Interpreting the National Trust’s Lavenham Guildhall: Our Village Through Time

The “Our Village Through Time” project brief was fundamentally, to transform the visitor experience at the Lavenham Guildhall and provide it with a new legacy to be proud of, reflecting the community, the building’s past, present and its future as a hub of activity

For more than 500 years the prestigious Tudor structures at Lavenham Guildhall in Suffolk have been witness to many historic events and performed a variety of roles and functions which the National Trust wanted to celebrate. At various points in its history the building has been a meeting hall, prison, workhouse, school and pub. Through detailed and sensitive restoration of the original architecture and a holistic re-design of the museum spaces the interpretive design team at Bright 3D were able to bring the Guildhall into a new chapter of its ongoing legacy.

“With any historic, ornate and delicate buildings there are many practical encounters to overcome,” says Lucy Galloway, Senior 3D Designer at Bright. “Lavenham Guildhall topped the table, having to meet sensitive conservation requirements with every fixing detail needing to be reviewed in consultation with building restoration experts.”

Physical restraints aside Bright 3D had to be aware of community sensitivities linked to previous and very traditional artefacts on display. As an external design company the best approach to tackle any criticism is (with client approval) face on, community consultation is key with a centre stage like Lavenham Guildhall.

“People make places and we needed the locals to be on side in order to promote to the national and global visitor. Workshops, feedback display boards and discussions with the local community were factored in at every stage of the design process.”

The team took in a plethora of skills including interpretive planning, workshop facilitating, copy-writing, space planning, story planning, curating, interior designing, exhibition designing, building conservation assessment, project managing, graphic designing, art working, audio visual specifying and installing, sound recording and editing and bespoke joinery.

“We sold the notion of a sensory experience from the outset and every space had to deliver on this. All interpretive elements were informed by real stories from the building, whether it was light touch subliminal candle soot above the mantel piece or centre stage drama from the  resident mummified cat.”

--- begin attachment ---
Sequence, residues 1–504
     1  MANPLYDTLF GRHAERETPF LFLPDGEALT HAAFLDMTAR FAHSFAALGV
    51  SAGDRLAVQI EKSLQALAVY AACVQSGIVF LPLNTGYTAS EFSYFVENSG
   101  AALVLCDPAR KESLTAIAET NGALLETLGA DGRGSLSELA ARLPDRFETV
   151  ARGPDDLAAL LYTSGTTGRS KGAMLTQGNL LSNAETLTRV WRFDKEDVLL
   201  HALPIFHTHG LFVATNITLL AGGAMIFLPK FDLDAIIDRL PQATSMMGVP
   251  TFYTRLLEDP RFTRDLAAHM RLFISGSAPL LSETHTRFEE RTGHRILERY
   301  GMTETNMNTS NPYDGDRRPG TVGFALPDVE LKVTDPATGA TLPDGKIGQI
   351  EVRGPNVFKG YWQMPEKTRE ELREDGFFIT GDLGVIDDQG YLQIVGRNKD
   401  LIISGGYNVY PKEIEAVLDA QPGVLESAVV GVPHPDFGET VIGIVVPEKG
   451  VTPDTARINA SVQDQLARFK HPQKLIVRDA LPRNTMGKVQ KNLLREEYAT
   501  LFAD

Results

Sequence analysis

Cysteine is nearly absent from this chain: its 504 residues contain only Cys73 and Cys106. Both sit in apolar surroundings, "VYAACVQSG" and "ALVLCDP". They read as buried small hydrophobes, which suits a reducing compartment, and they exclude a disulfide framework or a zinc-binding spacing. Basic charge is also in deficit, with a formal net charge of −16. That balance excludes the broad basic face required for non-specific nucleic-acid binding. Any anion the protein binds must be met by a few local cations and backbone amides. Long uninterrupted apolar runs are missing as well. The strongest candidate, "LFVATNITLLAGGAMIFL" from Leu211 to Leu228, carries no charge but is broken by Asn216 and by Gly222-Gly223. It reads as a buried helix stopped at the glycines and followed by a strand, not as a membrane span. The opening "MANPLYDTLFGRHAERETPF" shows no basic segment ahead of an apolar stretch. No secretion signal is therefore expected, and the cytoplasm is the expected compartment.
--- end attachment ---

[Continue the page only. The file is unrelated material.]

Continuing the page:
A range of scene setting physical interactives help the visitor literally stand in the shoes of the workhouse residents by placing their legs in stocks or attempt the extreme hard work of oakum picking. Suitably sensitive use of digital media helps create an element of ‘magic’ for the visitor, projectors built into old crates and an old wireless playing original wartime broadcasting transformed a traditional museum space into an interactive and engaging local photographer’s office.

“For The National Trust, the brave step of selectively choosing appropriate artefacts linked to the story has allowed the visitor experience to be transformed positively and paved the way for a new legacy to unfold,” says Jane Gosling, Guildhall Manager at Lavenham Guildall. “The full renovation of the building and interiors of the Lavenham Guildhall has provided it with a clean slate and methods for stories to keep unfolding as the project evolves with time. This refreshing uplift has fundamentally provided context to the site and a platform for the people stories of the past to come to light.”

The key elements of good design are engagement, imagination and sense of place and to step away from lengthy text panels. That was an objective set by the National Trust from the outset as an exhibition ‘is not an encyclopaedia dictating lines and lines of information’.

“From our first steps inside the Guildhall we were in awe of the original architecture with intricate detailing and the levels of natural acoustics dispersed throughout the spaces,” says Bright 3D’s Galloway. “We took this as the foundation from which to work from and provided an overall sensory engaging experience that responded to the building and placed interpretation sensitively within the spaces.”

People are interested in people and the key mechanism for delivering our themes, stories and messages was through real life characters that have inhabited or passed through the doors in different time periods. These Guildhall ‘hosts’ guide visitors from room to room chronologically revealing all the functions the building has undergone.

“A vital component within a museum that is at the centre of a community is to provide enough ongoing interest locally. We dedicated the concluding space on the visitor journey to the Lavenham people of today. It offers a flexible platform for temporary exhibitions that the community can curate in collaboration with The National Trust or by themselves.”

All in all Bright 3D are confident the project has regained interest in Lavenham Guildhall, as well as provided engagement, ownership and pride.